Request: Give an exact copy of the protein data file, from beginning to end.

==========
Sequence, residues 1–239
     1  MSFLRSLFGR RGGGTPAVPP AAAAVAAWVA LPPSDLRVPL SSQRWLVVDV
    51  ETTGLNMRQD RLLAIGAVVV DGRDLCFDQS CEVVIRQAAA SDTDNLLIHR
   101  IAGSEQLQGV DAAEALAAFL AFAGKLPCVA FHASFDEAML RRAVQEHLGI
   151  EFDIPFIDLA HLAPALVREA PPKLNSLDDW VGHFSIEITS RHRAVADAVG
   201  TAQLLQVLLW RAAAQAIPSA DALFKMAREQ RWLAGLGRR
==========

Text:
Sequence, residues 1–239
     1  MSFLRSLFGR RGGGTPAVPP AAAAVAAWVA LPPSDLRVPL SSQRWLVVDV
    51  ETTGLNMRQD RLLAIGAVVV DGRDLCFDQS CEVVIRQAAA SDTDNLLIHR
   101  IAGSEQLQGV DAAEALAAFL AFAGKLPCVA FHASFDEAML RRAVQEHLGI
   151  EFDIPFIDLA HLAPALVREA PPKLNSLDDW VGHFSIEITS RHRAVADAVG
   201  TAQLLQVLLW RAAAQAIPSA DALFKMAREQ RWLAGLGRR